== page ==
Brendan Moffett, Chief Executive of Marketing NG said: “The southern gateway transformation is hugely anticipated for its transformative impact on the city. Our inward investment team is already seeing increasing levels of interest from investors, developers and potential occupiers with the development of Station Street, as well as the area’s effective transport links. The rest of the regeneration is key to harnessing this interest and attracting further inward investment, which will be one of Nottingham’s key messages at this year’s MIPIM.”

 The £250m Broadmarsh area transformation

It’s been a long time coming, but work is well underway, and the complete makeover of the Broadmarsh area will bring new life and vitality to the city centre.

The £250m transformation of the area is more than just the redevelopment of intu Broadmarsh – it includes a new modern car park and bus station; road layout changes for better pedestrian environments; new City Hub college building and the Nottingham Castle transformation. These developments are expected to boost the local economy by over £1.1 billion per decade, create nearly 3,000 jobs for local people and attract an extra three million people a year to the city.

  • intu’s proposals to redevelop the shopping centre will see changes in line with the needs of the modern consumer, offering new retail, restaurants and leisure facilities. The Light Cinema and Hollywood Bowl have already been announced for the new-look intu Broadmarsh, which will create an open and bright welcome and routes through to the city centre from the train station
  • The City Council’s proposals for a new car park and bus station will create modern facilities with 250 extra parking spaces and new retail outlets on Collin Street and Carrington Street. The building will be clad in terracotta tiles to complement the nearby sandstone cliffs, with solar panels on the roof and electric charging points inside
  • Traffic flow around the Broadmarsh area will change, reducing through-traffic on Canal Street and pedestrianising the top section of Carrington Street and all of Collin Street – creating a safe, pleasant and vibrant new entrance to the city for visitors from the south and Nottingham Station. Plans for cafes and leisure activity on the newly created spaces will bring the area to life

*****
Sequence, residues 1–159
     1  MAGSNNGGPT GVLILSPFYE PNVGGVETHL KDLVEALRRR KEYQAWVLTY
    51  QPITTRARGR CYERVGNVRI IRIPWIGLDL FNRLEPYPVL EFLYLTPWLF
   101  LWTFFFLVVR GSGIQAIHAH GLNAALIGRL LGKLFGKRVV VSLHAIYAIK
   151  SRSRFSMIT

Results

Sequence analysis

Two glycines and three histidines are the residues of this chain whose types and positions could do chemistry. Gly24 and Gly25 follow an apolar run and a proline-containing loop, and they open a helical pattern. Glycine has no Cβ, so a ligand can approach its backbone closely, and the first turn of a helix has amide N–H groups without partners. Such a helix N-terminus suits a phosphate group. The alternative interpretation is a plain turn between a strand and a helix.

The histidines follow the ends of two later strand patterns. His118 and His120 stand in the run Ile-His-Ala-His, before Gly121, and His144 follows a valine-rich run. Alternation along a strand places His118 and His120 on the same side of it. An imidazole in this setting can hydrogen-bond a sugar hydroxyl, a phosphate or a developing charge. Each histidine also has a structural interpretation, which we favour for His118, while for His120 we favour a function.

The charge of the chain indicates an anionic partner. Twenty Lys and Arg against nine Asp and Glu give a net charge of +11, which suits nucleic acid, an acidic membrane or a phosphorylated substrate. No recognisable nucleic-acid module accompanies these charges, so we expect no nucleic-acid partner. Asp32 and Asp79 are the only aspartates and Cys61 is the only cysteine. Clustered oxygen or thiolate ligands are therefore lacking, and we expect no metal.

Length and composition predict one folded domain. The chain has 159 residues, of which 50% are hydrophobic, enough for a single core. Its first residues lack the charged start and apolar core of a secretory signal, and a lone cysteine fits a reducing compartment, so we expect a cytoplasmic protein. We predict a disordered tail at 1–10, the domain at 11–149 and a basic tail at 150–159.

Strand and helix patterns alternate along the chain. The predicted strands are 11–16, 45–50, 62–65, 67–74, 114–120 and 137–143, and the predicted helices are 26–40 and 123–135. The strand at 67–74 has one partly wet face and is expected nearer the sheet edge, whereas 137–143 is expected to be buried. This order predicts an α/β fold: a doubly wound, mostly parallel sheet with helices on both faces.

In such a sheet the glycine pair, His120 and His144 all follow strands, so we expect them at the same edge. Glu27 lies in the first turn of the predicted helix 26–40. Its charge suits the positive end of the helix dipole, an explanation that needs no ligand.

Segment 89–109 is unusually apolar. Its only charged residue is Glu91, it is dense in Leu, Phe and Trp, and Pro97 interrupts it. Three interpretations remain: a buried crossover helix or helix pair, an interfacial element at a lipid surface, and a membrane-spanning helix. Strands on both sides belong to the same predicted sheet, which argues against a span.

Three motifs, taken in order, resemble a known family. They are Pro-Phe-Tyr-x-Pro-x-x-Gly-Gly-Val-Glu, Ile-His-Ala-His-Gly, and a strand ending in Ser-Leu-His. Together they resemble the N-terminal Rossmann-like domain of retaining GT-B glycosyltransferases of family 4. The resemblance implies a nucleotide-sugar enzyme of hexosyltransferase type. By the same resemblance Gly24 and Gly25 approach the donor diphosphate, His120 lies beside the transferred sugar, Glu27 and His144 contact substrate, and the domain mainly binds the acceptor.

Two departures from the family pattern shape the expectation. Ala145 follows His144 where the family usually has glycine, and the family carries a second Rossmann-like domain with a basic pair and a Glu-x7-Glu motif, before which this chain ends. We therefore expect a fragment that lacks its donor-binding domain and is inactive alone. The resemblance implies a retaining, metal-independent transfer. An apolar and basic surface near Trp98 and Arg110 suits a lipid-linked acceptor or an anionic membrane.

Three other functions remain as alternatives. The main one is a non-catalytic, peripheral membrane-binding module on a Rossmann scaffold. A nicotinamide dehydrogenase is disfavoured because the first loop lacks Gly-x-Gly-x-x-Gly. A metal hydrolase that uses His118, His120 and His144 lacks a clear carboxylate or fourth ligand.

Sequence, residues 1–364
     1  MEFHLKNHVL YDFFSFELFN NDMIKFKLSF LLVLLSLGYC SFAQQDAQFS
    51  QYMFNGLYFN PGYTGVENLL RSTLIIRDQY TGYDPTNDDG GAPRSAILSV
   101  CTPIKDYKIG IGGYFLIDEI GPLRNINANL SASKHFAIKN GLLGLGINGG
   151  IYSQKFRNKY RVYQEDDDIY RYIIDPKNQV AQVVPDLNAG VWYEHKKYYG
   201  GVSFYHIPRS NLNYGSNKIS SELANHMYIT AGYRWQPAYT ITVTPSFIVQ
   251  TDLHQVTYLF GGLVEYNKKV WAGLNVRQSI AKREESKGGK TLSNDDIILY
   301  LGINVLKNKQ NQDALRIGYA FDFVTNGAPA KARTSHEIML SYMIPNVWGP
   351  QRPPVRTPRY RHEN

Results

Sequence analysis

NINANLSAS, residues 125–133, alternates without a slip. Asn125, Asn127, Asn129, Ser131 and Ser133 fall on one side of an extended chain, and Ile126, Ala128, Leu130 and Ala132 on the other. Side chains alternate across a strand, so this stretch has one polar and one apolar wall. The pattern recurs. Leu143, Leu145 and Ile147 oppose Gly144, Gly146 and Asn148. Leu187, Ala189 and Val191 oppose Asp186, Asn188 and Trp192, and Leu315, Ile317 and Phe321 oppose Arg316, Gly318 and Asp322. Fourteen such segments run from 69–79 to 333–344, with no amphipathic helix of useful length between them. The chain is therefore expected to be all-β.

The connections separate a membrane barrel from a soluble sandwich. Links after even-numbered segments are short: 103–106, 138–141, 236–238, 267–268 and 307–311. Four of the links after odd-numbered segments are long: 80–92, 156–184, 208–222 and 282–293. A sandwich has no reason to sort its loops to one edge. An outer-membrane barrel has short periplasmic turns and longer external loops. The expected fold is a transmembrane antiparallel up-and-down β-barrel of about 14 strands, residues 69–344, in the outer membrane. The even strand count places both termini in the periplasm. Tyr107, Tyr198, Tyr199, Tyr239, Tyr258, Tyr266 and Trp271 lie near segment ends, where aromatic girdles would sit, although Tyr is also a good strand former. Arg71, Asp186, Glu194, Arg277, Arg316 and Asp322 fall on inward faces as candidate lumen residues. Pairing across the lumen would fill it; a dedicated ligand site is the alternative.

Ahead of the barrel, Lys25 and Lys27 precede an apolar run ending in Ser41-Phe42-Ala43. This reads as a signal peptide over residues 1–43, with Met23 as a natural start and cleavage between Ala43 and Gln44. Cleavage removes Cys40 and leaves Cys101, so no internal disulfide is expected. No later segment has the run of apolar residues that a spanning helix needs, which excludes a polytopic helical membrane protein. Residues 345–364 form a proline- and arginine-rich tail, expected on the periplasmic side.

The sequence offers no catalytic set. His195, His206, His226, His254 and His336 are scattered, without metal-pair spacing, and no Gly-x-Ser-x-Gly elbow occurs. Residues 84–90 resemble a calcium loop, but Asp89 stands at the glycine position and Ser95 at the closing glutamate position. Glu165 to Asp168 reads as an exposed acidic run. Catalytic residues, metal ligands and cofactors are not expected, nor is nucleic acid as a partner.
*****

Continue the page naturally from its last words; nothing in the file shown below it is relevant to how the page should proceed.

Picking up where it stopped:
• The new £58million City Hub for Nottingham College near the revamped Broadmarsh on unused land off Canal Street will provide traqnsformed facilities for 20,000 city students, and link them more closely than ever before with local employers. Expected to open in autumn 2020, it will also host a business hub to encourage the formation of new start-ups, and will provide the wider community with improved training and skills resources. The modern new college will house a performing arts centre, student retail space, café, community facilities, training restaurant and bar – and the grounds will create a brand new green space close to the city centre.
  • The £30million Nottingham Castle project, funded by the Heritage Lottery Fund, Nottingham City Council and donations, will re-establish Nottingham Castle as a focal point for civic pride and create a world-class cultural destination at the heart of a regenerated Castle Quarter. The regeneration project will bring the Castle’s medieval past into plain sight, and offer plenty of Robin Hood for tourists and locals. Brand new upgrades to the galleries will mean bigger, better exhibitions coming to Nottingham; other new features include a new visitor centre. Nottingham Castle closes this spring to allow the works to begin. The revamped Nottingham Castle is due to open its doors to visitors in 2020.

Fore more information visit https://www.nottinghamcity.gov.uk/planning-and-building-control/building-a-better-nottingham/